“The short answer is that I don’t know and neither does anyone else,” said Rosemary Hill, a historian and author of “Stonehenge” (Profile Books and Harvard University Press, 2008).
Related: What are rock cairns?
Before we go any further, it’s important to note that, technically speaking, Stonehenge isn’t even a henge. The word “henge” is in fact a relatively recent term, first defined by British archaeologist Thomas Kendrick in 1932 to mean a circular bank with a ditch inside it and one or more entrances protruding through the bank. “But Stonehenge is the other way around, it’s a bank inside a ditch,” Hill told Live Science.
Another fun fact: Even ignoring the reverse order of ditch and bank, most henges still wouldn’t have looked like Stonehenge because they were usually made from wood, which makes sense. Wood is everywhere, and is much easier to carve and transport, even if it isn’t as durable. It wasn’t until the 20th century that
realized that Britain once boasted a bounty of wood henges that have long since rotted away and vanished from sight. archaeologists
“After the First World War, when people started flying over the country, they started to see where these constructions had been because they left traces on the ground with their mounds. People hadn’t really noticed until they got a bird’s-eye view,” Hill said. “They’re also pretty much unique to Britain.”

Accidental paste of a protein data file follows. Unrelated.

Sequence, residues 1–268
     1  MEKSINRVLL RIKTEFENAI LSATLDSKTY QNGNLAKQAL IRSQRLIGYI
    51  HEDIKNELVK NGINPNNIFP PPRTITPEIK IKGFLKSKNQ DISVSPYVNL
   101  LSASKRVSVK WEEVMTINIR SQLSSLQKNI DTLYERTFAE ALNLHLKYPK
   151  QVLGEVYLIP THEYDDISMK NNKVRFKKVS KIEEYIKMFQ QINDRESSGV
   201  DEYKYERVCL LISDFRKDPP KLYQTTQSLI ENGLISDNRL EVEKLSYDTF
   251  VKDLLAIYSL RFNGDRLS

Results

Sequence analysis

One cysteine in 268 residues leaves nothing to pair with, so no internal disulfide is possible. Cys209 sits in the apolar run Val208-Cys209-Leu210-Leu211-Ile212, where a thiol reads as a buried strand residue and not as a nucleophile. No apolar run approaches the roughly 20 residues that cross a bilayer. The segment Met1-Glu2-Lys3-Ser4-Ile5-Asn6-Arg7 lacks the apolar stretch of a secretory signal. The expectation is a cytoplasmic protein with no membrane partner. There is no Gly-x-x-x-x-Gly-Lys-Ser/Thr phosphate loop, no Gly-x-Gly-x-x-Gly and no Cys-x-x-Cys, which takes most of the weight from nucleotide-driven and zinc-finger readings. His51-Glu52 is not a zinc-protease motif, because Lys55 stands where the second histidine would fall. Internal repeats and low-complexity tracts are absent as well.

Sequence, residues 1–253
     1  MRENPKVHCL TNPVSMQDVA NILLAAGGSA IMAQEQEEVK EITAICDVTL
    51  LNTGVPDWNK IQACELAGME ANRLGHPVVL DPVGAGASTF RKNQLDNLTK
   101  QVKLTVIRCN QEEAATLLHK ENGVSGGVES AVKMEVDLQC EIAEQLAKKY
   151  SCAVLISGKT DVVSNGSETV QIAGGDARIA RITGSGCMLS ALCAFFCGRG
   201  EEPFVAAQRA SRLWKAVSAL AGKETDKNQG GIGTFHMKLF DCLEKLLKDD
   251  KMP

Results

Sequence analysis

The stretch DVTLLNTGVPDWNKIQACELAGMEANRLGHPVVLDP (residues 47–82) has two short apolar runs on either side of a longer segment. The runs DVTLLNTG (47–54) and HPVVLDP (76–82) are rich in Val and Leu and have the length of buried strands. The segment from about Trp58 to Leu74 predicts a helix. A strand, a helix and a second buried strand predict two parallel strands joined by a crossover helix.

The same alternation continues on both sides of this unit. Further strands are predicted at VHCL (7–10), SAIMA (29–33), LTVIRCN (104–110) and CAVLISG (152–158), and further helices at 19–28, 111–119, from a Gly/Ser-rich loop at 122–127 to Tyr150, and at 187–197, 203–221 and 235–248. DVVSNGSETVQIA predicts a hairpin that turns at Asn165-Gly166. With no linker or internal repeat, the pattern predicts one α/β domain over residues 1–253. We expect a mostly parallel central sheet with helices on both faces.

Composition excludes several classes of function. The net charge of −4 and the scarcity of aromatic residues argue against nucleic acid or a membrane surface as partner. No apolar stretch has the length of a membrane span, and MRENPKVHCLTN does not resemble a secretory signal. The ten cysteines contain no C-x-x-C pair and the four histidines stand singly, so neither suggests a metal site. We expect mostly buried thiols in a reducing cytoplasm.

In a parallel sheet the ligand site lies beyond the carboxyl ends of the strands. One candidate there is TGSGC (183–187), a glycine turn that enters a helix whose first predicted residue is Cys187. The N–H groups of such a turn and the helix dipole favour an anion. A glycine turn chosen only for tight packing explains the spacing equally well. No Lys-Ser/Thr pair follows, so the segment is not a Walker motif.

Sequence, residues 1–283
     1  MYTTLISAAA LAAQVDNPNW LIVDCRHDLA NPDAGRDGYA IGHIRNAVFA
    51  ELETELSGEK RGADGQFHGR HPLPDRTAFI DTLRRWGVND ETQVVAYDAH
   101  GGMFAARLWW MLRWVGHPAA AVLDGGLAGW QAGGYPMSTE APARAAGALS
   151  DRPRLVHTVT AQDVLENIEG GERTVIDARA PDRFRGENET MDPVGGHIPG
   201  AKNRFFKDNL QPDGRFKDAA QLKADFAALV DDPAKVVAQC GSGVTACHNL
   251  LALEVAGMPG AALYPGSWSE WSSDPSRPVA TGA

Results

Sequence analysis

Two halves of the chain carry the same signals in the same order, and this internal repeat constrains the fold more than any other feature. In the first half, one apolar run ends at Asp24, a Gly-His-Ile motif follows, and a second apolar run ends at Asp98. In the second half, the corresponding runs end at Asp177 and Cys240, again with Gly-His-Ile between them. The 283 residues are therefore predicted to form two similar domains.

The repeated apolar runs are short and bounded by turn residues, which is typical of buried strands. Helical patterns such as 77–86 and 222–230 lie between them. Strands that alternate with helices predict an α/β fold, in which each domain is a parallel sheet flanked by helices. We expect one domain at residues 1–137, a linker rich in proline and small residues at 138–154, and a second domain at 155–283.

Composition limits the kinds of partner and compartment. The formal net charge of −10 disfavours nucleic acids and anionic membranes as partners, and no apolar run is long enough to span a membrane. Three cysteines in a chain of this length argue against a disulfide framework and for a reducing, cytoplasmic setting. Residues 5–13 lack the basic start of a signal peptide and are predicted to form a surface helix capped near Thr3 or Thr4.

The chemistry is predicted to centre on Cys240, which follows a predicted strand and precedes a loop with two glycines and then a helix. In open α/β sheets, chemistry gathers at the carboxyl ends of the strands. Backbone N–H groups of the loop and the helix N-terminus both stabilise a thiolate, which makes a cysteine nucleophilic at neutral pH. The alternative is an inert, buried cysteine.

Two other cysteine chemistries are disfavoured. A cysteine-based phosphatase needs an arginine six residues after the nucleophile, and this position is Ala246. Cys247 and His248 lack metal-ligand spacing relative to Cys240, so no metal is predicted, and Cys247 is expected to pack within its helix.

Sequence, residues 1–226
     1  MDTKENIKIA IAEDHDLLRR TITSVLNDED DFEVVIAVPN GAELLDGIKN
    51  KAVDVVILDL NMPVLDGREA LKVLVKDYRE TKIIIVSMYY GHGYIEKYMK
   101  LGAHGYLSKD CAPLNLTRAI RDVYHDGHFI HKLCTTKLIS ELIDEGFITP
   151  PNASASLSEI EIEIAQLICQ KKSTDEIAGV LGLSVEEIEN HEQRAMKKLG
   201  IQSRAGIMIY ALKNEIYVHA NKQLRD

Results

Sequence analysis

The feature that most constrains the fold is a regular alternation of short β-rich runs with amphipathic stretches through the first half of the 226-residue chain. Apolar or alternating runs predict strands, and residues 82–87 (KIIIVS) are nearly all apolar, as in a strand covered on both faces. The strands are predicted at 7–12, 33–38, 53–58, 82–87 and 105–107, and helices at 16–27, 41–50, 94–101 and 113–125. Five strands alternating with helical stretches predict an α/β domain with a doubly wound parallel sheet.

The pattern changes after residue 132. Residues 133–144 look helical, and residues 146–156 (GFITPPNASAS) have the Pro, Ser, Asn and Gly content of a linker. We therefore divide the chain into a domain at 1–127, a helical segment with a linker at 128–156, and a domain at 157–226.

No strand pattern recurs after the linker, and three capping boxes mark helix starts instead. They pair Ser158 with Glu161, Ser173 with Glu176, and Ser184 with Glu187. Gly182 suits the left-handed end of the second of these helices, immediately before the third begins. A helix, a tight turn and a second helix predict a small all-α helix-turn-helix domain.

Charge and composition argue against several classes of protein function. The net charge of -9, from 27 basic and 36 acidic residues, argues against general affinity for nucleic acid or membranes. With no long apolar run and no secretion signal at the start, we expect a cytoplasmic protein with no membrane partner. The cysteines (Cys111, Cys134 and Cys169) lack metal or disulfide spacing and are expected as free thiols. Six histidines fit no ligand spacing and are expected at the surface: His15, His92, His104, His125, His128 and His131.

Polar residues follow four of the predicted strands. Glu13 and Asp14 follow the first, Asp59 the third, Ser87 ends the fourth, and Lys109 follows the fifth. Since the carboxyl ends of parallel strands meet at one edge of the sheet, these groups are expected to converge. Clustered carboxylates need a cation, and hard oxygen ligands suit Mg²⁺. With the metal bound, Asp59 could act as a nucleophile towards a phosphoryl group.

In Ireland and the Brittany region of France, there are also some similarly ancient stone circles, which though technically not henges do overlap in academic discussions. There’s also a
dating to the late Stone and early Bronze ages that’s not too far from Berlin, and a 4,500-year-old wooden henge-like monument . If we’re counting all of these different types of circles together, there are “timber circle” monument in Portugal sprinkled around the British Isles and parts of mainland Europe. So, back to the question in hand: Why? thought to be thousands
over the years, suggesting that monuments like Stonehenge were used as sacred hunting grounds, places of community gathering, astronomical calendars, proposed myriad ideas , cemeteries or even havens for ancient healing. Excavations offer supporting evidence for some of these claims. structures for sound amplification
“They’ve found [human]
, so that’s strong evidence it was a burial site and it’s orientated to the sunset during the remains at Stonehenge ,” Hill explained. “So I think you can say it’s to do with the dead and the solstices. It’s not unreasonable to think of it as a ritual site and there’s no evidence of people eating or living there.” winter solstice
But that isn’t the case for other henges such as the
, which incidentally is just 2 miles (3.2 kilometers) from Stonehenge and does contain evidence of people feasting there, Durrington Walls . “Henges could have been used for different reasons, but I don’t know and anyone who can tell you for sure is being overambitious,” Hill said. “What henges do seem to have in common is that they don’t seem to have been enclosed and they may have been gathering places.” apparently on pork
This uncertainty may feel like an anticlimactic answer to the question of why Stone Age Europeans saw fit to build so many circular monuments, but there is a sort of magic in the not knowing, said Hill. “Stonehenge remains a mystery, and you can be a
or an anthropologist or an archaeologist or a New Ager and you can bring your own thing to it.” Druid
Originally published on Live Science.